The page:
Electronic Theses and Dissertations

Availability

Open Access Dissertation

Keywords

Educational innovations--Iowa--Public opinion; Special education--Iowa--Public opinion; Teachers--Iowa--Attitudes;

Abstract

To understand the impact of special education and educational changes that have occurred in rural schools in Iowa since 1975, this ethnographic qualitative inquiry examined the dispositions, beliefs, contexts, and recalled experiences of four teachers who began teaching around the time the Education for All Handicapped Children Act (EAHCA) was enacted in 1975 and continued teaching until after the No Child Left Behind Act (NCLB) was enacted in 2002. In addition, the research project explored the teachers' views of the impact various educational changes had on them, their colleagues, and the students they taught.

The group of four participants, with a combined 123 years of teaching experience, met after the first two individual semi-structured, audio recorded, empathetic interviews were conducted; to conclude the study, a final individual interview was conducted with each participant. I examined transcripts to interpret the "jigsaw puzzle pieces" of the retired educators' contexts using the lenses of disability studies, teacher career cycle, and educational change.

In this study of change and special education, participants' "puzzle pieces" were related to six themes: responsibilities, technology, curriculum, law/accountability, factors outside school, and preparation and professional development. Among the pieces that differed by participant were educational background, relationships with principals, knowledge of special education, and beliefs about inclusion of students with disabilities in the general education setting. Insufficient professional development and ongoing support for change led to lack of implementation or short-term implementation of innovations.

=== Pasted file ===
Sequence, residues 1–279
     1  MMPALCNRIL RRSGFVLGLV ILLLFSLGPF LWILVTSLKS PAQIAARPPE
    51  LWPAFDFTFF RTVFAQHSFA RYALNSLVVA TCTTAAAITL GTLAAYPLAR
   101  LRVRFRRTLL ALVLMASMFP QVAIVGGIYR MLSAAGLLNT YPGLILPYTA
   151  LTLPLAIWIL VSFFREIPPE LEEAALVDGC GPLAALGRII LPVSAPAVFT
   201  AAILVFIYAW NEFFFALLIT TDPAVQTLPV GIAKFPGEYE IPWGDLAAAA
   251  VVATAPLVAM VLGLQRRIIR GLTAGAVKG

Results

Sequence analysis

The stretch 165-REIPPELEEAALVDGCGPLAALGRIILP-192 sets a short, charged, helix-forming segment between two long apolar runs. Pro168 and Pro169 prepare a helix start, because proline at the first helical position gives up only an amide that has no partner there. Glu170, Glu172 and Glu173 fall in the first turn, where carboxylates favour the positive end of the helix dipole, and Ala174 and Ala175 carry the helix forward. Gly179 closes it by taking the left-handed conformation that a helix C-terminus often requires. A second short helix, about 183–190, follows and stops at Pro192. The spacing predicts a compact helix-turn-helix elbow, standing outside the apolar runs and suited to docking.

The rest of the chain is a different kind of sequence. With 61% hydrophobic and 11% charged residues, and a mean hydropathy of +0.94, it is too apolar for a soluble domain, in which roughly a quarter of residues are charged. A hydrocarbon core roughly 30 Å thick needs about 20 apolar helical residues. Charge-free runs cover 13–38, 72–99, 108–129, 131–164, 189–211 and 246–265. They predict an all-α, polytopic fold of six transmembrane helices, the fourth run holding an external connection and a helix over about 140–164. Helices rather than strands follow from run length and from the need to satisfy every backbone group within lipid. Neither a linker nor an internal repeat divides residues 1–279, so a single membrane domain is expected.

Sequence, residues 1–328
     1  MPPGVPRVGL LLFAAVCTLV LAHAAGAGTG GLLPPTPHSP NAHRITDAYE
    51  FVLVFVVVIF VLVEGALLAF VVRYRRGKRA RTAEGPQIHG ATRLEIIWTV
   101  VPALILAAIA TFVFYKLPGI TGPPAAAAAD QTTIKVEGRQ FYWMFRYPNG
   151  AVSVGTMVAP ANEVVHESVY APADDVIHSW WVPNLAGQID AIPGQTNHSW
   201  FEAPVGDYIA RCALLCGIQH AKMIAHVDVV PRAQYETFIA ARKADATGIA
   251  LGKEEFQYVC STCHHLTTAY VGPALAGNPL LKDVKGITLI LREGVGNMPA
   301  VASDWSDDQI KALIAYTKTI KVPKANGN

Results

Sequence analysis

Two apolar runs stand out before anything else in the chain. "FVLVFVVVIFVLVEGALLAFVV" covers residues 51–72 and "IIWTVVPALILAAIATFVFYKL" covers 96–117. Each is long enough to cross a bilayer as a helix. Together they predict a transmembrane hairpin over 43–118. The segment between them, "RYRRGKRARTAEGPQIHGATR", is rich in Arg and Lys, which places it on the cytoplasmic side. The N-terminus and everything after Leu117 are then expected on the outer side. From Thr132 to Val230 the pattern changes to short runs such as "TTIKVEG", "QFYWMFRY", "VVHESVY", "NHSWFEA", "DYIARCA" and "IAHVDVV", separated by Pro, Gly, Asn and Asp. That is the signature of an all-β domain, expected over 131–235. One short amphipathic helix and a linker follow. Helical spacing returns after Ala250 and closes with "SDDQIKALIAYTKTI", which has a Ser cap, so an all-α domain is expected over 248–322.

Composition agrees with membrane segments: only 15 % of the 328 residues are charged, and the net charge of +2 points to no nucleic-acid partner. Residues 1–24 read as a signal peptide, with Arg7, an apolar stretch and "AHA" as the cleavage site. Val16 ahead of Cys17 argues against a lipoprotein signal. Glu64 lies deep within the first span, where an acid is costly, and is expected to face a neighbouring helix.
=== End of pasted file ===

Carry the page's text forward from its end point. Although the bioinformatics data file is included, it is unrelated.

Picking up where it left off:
This interpretation may add a different perspective to the existing literature about educational change and special education, experiences of veteran teachers who actually served between the initial passage of the EAHCA and the passage of NCLB. Such information may be beneficial for educators seeking to increase academic achievement of students labeled with disabilities and other marginalized students, and lessen the negative impacts of ongoing educational change on students and teachers. It may also inform those who prepare teachers and who provide professional development opportunities for teachers and administrators so change is presented in a meaningful manner and differentiated professional development is provided throughout teachers' careers.

Year of Submission

2010

Degree Name

Doctor of Education

Department

Department of Special Education

First Advisor

John Henning, Co-Chair

Second Advisor

Frank Kohler, Co-Chair

Date Original

12-2010

Object Description

1 PDF file (xiv, 312 pages)

Language

EN

File Format

application/pdf

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